This year, the Montreal Black History Month Round Table chose to nominate the Jamaica Association of Montreal as a laureate, one of the 12 associations to receive the honour this year.
The association was founded in November 1962, three months after Jamaica gained its independence. According to its website, the association aims at “the social, political, economic, educational and cultural integration of the Jamaican Community and by extension the Black Community within Montreal, and the Province of Quebec.”
In an interview with The Daily, Michael Smith, president of the association, said that he hopes to encourage people “to be proud to be Jamaican; not to hide [their] heritage.”
The association celebrates contributions of the Jamaican community to Montreal and plans social events. It also offers community support programs.
“For any young mother, it’s challenging. I noticed there have been issues with the parents. Some of them have problems when their young daughters are pregnant.”
The Au Futur program for young mothers is one of these programs. Speaking to The Daily, Susan Hamilton, coordinator of the Au Futur program, cited racism, difficulty in finding jobs, and living in a French-speaking province while not speaking French as some of the most common challenges faced by Jamaicans in Montreal. According to Hamilton, young mothers face further challenges, one of which is isolation.
“Well, for any young mother, it’s challenging. I noticed there have been issues with the parents. Some of them have problems when their young daughters are pregnant. Some are disowned, kicked out of the home. [This] makes it very difficult for the young mother who then becomes somewhat isolated and may end up in even more difficult situations, you know, without family support,” Hamilton said.
The Au Futur program aims to address some of these problems by helping young mothers find jobs or return to school, as well as by offering various activities such as group cooking classes, which teach practical skills in a social setting, and gatherings like reading circles.
Black History Month
Speaking to the importance of Black History Month, Smith said, “The history books need to be rewritten a little bit more truthfully. […] The way Canadian history books will present it, you’d think there was only slavery in the U.S.. […] There needs to be a greater acknowledgement of the Black community or African community through history.”
McGill Law student Brittany Williams also spoke to The Daily about Black History Month as well as about her experiences as a half-Jamaican, half-Trinidadian student at McGill.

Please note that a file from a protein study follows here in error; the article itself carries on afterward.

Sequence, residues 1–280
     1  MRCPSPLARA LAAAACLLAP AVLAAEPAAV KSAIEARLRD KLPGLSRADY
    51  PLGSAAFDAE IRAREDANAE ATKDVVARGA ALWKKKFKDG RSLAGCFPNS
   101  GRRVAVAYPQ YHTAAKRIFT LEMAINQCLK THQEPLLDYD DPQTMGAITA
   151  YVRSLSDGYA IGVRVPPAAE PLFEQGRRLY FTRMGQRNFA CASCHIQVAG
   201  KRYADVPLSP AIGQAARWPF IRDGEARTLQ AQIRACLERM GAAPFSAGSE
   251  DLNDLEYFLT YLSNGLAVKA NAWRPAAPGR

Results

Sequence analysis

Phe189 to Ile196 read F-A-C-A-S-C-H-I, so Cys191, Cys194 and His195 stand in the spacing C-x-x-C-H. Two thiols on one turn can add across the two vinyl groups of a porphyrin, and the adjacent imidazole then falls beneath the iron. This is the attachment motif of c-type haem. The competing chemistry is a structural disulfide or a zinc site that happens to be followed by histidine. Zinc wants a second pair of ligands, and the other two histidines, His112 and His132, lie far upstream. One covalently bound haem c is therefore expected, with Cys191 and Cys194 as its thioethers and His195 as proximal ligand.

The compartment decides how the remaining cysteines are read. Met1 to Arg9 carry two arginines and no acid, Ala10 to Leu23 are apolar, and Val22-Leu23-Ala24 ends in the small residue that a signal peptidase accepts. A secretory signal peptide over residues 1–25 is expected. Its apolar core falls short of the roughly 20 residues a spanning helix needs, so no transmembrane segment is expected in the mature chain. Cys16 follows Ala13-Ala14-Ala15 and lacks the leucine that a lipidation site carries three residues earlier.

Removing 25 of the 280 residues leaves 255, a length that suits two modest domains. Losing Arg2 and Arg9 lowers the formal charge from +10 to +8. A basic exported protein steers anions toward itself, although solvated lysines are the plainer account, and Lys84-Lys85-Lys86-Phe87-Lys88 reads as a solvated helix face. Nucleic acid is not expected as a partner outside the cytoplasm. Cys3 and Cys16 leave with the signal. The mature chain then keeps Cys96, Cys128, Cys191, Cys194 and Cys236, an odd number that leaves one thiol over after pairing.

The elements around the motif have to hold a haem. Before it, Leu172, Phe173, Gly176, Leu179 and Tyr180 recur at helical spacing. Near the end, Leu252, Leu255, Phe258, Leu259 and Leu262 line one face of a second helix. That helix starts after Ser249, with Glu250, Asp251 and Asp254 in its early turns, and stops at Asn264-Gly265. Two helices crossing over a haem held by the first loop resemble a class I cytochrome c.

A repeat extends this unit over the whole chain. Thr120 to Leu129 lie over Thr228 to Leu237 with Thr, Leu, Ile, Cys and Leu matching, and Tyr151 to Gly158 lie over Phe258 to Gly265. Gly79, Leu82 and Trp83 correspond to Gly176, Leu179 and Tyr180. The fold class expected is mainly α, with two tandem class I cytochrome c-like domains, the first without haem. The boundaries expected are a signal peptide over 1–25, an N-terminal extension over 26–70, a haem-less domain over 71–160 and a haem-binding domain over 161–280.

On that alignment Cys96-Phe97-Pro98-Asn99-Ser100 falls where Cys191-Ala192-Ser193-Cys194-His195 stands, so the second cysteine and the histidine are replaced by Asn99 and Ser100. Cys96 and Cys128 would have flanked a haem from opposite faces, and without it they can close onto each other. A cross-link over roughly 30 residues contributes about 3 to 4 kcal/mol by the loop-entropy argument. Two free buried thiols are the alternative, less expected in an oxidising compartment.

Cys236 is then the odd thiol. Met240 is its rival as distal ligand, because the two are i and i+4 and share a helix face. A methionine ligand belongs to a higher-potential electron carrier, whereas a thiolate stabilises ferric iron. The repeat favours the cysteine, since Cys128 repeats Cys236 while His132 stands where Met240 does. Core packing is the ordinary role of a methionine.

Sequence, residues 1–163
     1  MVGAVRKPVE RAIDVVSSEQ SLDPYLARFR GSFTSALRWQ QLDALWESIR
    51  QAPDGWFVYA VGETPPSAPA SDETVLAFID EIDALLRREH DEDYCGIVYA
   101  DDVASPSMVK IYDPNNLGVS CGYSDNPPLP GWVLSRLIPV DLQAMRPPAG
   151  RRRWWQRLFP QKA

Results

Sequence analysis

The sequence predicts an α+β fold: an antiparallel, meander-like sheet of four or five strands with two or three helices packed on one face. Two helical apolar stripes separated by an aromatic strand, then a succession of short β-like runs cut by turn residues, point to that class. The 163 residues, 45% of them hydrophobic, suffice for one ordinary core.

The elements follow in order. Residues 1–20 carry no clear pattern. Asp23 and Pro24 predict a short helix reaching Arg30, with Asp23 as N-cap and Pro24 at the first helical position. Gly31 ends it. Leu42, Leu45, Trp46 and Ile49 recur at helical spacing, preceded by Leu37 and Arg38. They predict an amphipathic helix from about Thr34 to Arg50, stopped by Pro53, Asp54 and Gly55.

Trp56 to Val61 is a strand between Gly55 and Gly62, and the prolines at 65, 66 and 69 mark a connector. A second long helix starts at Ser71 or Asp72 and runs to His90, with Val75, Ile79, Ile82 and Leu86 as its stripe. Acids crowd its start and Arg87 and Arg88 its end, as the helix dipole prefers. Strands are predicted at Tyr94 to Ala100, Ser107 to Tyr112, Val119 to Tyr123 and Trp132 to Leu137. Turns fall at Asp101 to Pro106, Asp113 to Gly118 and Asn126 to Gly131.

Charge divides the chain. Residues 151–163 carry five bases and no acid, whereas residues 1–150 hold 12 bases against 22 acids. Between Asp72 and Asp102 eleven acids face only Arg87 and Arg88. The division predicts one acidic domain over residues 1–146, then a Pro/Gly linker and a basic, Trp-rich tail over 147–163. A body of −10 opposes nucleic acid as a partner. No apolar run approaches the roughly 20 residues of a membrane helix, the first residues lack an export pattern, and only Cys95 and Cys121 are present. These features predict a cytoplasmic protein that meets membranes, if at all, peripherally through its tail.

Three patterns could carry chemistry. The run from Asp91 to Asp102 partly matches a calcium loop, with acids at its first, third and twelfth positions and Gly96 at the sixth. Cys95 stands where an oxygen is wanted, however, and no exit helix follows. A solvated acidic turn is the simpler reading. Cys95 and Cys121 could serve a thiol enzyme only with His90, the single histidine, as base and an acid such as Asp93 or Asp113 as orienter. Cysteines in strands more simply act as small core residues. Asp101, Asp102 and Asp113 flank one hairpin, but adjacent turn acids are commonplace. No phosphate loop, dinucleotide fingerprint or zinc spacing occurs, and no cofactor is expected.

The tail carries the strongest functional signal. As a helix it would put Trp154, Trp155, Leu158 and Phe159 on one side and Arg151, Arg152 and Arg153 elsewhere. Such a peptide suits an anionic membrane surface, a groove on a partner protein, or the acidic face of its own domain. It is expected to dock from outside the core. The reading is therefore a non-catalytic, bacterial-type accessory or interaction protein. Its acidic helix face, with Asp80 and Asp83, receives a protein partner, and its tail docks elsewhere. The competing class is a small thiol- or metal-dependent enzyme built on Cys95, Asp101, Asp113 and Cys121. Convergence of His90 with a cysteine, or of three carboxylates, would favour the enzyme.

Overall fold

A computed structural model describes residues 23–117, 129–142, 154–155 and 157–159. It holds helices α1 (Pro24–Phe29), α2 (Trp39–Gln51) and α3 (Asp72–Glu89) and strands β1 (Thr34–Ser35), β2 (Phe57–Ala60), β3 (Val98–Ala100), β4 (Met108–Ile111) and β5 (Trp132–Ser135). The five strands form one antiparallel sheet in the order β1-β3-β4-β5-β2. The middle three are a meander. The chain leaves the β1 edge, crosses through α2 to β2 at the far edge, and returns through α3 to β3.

Williams told The Daily in an interview that Black History Month is a source of inspiration and pride for her because she learns about new Black role models every year.
“I remember in elementary school and high school seeing those people, and not even the Martin Luther Kings and the Rosa Parkses, but hearing about people here, in the same context as you, who were doing amazing things. If they can do that, so can I,” Williams said.
“I remember in elementary school and high school seeing those people, and not even the Martin Luther Kings and the Rosa Parkses, but hearing about people here, in the same context as you, who were doing amazing things. If they can do that, so can I.”
Smith warned that learning about Black history, however, should not be restricted to a single month. During Black History Month, Smith said, “The focus is really on slavery, but there’s so much more to it than that, and you can’t address it all [in a single month].”
Williams added that Black History Month can be “a great time to start conversations.” While the conversations might be difficult or uncomfortable, Williams maintains that they are always worthwhile.
Speaking to her own experience at McGill, Williams said, “Sometimes [there are] ignorant people, sometimes naive people. I’ve never met anyone outright racist in school, but [it’s] just constantly having to teach people, or help people unlearn.”
Williams noted that intentionally acknowledging privilege can help. “I don’t know if a lot of my classmates who aren’t minorities consider the kind of work minorities have to do to be in a classroom that wasn’t really built for them. […] I’m oftentimes uncomfortable in class because of something someone says or what we’re learning, and I don’t think that’s a reality for everyone.”
Williams gives McGill students this advice to avoid making racialized students uncomfortable: “Recognize the way that you think and how you grew up and how that might shape the way you interact with people” and “be open to difficult conversations.”